During the break I have been looking to expand my resource collection (tip: Pinterest is a brilliant way of quickly saving those really neat resources you come across).
One thing I feel I have really underutilized in class are science songs, I have gone through Youtube this and here are some of my favorites.
1. Its a Family Thing – A song about the organic families, i have used this one in class with senior chemists and it goes down a treat
2. The New Periodic Table Song – I am a big fan of Tom Lehrs periodic table song however I also like this one by ASAP Science which lists the elements in order of how they appear on the periodic table.
3. Photosynthesis – This is a classic ideal for senior biology or junior science
4. Rock me Avogadro – This song outlines the kinetic theory of gases
That is just a taster I have pinned lots more on my science songs pinterest board at http://www.pinterest.com/Kookychemist/science-songs/
I am in the middle of correcting Coursework B write-ups at the moment. I get my students to write-up on a template first which I check; this is to make sure they haven’t sabotaged their own work by writing too much or too little (also to check for plagiarism…it happens!). I give them feedback without actually contributing to their write up. This year I am using this sheet to give feedback which I fill out and staple to the front of their write-ups.
Here is the form Coursework B Feedback form
You could use it in conjunction with this marking scheme I made up using the 2013 DES marking scheme.
Today Peter Higgs and Francois Englert were awarded the 2013 physics Nobel prize for predicting the existence of the Higgs boson.
Here are some resources you can use in class to explain the Higgs in class
One of the best has been this great video from PhD comics
Cern director general Rolf-Dieter Heuer gave a brilliant talk just a week after the discover at ESOF2012 in Dublin you can watch it here http://youtu.be/yRu3yJM8J2A
3 Things the Higgs Boson can teach you about physics
The national STEM centre have this single page fact sheet
Finally there is this great infographic from livescience.com
This week the BBC 4 showed the first of a three part series entitled ‘Pain, Pus and Poison: The Search for Modern Medicines’ hosted by Michael Mosley.
Episode 1 which was screened on Thursday at 9pm on BBC 4 was an absolute treat and would be of great use in the chemistry or biology class with some lovely animations and explanations the program guides the viewer through the science of pain and the development of pain relief and anesthetics. It covered everything from the isolation of morphine, cocaine and other alkaloids to the synthetic development of modern medicines in an approachable manner making it the ideal resource for class and the best bit….there are still 2 more episodes to come.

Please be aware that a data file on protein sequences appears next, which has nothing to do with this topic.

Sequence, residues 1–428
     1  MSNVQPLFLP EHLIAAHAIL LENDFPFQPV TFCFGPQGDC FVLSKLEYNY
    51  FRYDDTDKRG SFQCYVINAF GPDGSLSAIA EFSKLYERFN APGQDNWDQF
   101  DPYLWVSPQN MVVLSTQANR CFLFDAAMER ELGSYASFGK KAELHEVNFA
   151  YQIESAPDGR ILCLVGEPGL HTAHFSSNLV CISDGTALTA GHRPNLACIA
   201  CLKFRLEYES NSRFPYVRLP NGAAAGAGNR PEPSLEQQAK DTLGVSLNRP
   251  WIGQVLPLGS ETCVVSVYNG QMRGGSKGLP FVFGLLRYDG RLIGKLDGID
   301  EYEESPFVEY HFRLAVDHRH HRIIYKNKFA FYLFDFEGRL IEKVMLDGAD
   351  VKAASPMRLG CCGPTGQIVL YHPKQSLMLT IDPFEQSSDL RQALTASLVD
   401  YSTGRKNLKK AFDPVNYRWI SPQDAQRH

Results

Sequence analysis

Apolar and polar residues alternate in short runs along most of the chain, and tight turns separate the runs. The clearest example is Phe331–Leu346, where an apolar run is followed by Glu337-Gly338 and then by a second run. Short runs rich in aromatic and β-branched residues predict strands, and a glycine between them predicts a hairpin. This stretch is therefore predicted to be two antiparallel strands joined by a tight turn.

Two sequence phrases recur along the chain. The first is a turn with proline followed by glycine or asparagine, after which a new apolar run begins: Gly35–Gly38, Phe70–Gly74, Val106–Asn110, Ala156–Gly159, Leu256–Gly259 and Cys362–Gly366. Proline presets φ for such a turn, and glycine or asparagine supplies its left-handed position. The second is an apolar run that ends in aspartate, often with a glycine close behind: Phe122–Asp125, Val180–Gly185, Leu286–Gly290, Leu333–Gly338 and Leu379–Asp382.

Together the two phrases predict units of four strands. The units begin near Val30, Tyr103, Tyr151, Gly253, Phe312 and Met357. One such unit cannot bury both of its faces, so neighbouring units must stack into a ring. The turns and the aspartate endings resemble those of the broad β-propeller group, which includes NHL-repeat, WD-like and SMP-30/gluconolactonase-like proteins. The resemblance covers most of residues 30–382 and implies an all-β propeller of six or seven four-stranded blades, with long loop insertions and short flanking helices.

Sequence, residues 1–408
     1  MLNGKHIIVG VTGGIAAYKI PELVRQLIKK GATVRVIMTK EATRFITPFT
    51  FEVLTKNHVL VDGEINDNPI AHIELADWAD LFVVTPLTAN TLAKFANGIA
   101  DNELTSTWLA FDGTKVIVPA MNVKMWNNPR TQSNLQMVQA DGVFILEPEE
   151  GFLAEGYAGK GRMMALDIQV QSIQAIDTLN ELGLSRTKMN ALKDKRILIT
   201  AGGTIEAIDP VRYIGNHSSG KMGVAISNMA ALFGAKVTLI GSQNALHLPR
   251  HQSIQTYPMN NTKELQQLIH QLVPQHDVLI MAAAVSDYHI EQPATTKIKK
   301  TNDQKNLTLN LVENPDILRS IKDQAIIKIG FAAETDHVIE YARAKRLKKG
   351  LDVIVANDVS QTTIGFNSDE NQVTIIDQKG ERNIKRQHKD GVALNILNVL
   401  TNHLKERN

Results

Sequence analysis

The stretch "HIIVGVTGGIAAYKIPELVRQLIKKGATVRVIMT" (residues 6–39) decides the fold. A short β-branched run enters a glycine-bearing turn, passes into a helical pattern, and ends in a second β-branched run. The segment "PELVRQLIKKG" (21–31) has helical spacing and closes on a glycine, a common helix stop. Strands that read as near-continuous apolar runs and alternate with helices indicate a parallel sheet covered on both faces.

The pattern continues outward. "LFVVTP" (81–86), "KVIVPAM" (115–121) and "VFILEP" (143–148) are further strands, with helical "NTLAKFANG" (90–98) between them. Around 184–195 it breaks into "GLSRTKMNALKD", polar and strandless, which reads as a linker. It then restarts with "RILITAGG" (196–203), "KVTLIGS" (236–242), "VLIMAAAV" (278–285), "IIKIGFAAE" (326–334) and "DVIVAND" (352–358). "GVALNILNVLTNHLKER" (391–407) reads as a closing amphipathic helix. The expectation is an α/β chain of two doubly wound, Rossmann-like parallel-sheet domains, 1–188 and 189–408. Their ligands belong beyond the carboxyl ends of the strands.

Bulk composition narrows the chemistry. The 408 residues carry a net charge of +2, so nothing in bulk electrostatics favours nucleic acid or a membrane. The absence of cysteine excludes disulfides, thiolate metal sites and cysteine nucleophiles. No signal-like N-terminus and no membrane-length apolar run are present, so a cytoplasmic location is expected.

How could I incorporate this into class? Well I was thinking if this was combined with the synthesis of aspirin it would make a wonderful activity for 5th year chemists (maybe during science week) or Transition year students. Here is a workbook about aspirin including a method for synthesizing aspirin from the RSC Learn Chemistry (a brilliant resource) http://www.rsc.org/learn-chemistry/resource/res00000056/aspirin?cmpid=CMP00000045
There is also an open university website with loads of resources and an interactive quiz. http://www.open.edu/openlearn/whats-on/tv/ou-on-the-bbc-pain-pus-and-poison
The first episode is being repeated on Tuesday at 10pm on BBC 4, Episode 2 (Pus) and 3 (Poison) will screen over the next two Thursdays at 9pm on BBC 4. The program site can be found here http://www.bbc.co.uk/programmes/p01f51s5
Although released over a year ago I have just recently come across this great resource from the School of Education in Galway University.
Science Hooks is a series of demonstrations separated down into Chemistry, Physics and Biology that teachers can use to engage students.
It is available online at http://www.sciencehooks.scoilnet.ie/ or as a free ibook downloadable in English and Irish form https://itunes.apple.com/us/artist/veronica-mccauley/id549459688?mt=11
The hooks are aimed at junior science but can easily be used in a senior level classroom and are not just an experiment. Each hook contains background theory, tips, questions to engage students and keywords.
Whether you are just starting off or a seasoned pro you will find this resource useful and practical – Definitely worth a look…and its FREE!